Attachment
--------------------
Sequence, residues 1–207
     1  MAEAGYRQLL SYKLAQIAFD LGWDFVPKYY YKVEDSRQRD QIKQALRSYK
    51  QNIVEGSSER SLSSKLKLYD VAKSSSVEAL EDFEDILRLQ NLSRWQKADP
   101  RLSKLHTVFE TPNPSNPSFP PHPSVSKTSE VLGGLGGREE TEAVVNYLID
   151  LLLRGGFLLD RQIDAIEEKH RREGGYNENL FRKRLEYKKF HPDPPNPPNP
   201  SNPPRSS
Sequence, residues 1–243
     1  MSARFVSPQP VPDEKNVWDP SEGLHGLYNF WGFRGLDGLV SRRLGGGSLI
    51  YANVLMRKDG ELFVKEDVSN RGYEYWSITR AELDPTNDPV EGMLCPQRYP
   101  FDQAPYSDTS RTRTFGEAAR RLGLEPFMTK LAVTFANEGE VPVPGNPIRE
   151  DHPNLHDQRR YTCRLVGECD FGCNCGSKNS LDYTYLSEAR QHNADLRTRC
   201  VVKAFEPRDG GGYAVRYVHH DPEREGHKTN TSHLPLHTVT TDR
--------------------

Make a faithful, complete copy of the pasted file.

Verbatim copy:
Sequence, residues 1–207
     1  MAEAGYRQLL SYKLAQIAFD LGWDFVPKYY YKVEDSRQRD QIKQALRSYK
    51  QNIVEGSSER SLSSKLKLYD VAKSSSVEAL EDFEDILRLQ NLSRWQKADP
   101  RLSKLHTVFE TPNPSNPSFP PHPSVSKTSE VLGGLGGREE TEAVVNYLID
   151  LLLRGGFLLD RQIDAIEEKH RREGGYNENL FRKRLEYKKF HPDPPNPPNP
   201  SNPPRSS
Sequence, residues 1–243
     1  MSARFVSPQP VPDEKNVWDP SEGLHGLYNF WGFRGLDGLV SRRLGGGSLI
    51  YANVLMRKDG ELFVKEDVSN RGYEYWSITR AELDPTNDPV EGMLCPQRYP
   101  FDQAPYSDTS RTRTFGEAAR RLGLEPFMTK LAVTFANEGE VPVPGNPIRE
   151  DHPNLHDQRR YTCRLVGECD FGCNCGSKNS LDYTYLSEAR QHNADLRTRC
   201  VVKAFEPRDG GGYAVRYVHH DPEREGHKTN TSHLPLHTVT TDR